Date of Award


Document Type


Degree Name

Doctor of Philosophy (PhD)


Educational Leadership and Policy Studies

First Advisor

Jason C. Garvey


In this critical, hermeneutic phenomenological study (Gadamer, 2012; van Manen, 2016; Weiss et al., 2020), I met with 13 nonbinary Black, Indigenous, and/or people of color (BIPOC) collegian co-investigators multiple times to discuss their freedom dreams for utopia (Kelley, 2002/2022; Muñoz, 2009). Beginning with individual genuine conversations (n = 13), a series of 3 gatherings (n = 10), and a final round of genuine conversations (n = 10), co-researchers explored their visions for better worlds by refusing the (il)logics of oppressive contexts, instead imagining liberatory futures free from capitalist exploitation, white supremacy, cisheteropatriarchy, homonormativity and transnormativity, and binarism. In the first article of this dissertation, I explore nonbinary BIPOC students’ joy and euphoria, highlighting glimmers of self-love, congruency, the people who know and love us, the broader queer and trans BIPOC (QTBIPOC) community, and history. For the second article, I reveal nonbinary BIPOC students’ visions for utopia as through their visualizations, utopian feelings, abolition, and inspirations for utopia. In the third article, I explore nonbinary BIPOC college student development, uncovering the impact of freedom dreaming, imagining a world without oppression, building community, ongoing reflection, and integrating freedom dreaming as a daily praxis. In the final chapter, I offer implications for student affairs professionals, including how to integrate joy as a student success outcome and encourage QTBIPOC students to build capacity to dream of better worlds and refuse current dystopias.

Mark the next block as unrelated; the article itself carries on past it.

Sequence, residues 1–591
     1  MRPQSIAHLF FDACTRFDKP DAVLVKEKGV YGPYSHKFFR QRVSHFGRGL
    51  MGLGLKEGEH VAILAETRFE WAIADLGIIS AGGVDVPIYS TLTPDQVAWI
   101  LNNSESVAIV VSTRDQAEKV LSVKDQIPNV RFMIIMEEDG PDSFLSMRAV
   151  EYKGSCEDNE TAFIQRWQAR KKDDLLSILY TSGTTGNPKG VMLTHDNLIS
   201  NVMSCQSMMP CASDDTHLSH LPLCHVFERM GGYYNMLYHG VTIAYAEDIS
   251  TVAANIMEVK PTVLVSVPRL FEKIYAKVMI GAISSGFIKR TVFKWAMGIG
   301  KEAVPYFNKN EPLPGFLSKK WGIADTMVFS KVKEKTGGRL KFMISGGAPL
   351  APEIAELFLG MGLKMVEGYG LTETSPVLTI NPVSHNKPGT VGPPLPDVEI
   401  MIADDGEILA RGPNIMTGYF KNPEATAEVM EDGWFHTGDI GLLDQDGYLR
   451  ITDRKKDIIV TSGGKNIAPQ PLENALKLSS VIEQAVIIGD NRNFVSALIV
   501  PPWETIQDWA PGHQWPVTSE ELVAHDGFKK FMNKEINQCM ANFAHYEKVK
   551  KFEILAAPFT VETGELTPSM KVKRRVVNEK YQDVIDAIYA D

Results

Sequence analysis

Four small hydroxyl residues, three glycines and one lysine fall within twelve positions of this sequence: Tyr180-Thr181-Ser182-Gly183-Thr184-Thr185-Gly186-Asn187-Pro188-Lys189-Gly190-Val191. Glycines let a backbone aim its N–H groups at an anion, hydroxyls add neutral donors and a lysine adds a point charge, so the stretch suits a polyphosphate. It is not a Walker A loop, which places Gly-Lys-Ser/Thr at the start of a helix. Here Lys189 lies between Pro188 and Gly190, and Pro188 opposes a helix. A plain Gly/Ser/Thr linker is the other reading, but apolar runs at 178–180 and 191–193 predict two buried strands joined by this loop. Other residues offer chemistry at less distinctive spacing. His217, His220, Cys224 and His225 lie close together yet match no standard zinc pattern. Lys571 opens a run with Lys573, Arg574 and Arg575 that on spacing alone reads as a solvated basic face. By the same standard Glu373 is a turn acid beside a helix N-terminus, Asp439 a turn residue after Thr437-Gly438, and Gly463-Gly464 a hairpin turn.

Number of Pages

280 p.

Available for download on Sunday, April 12, 2026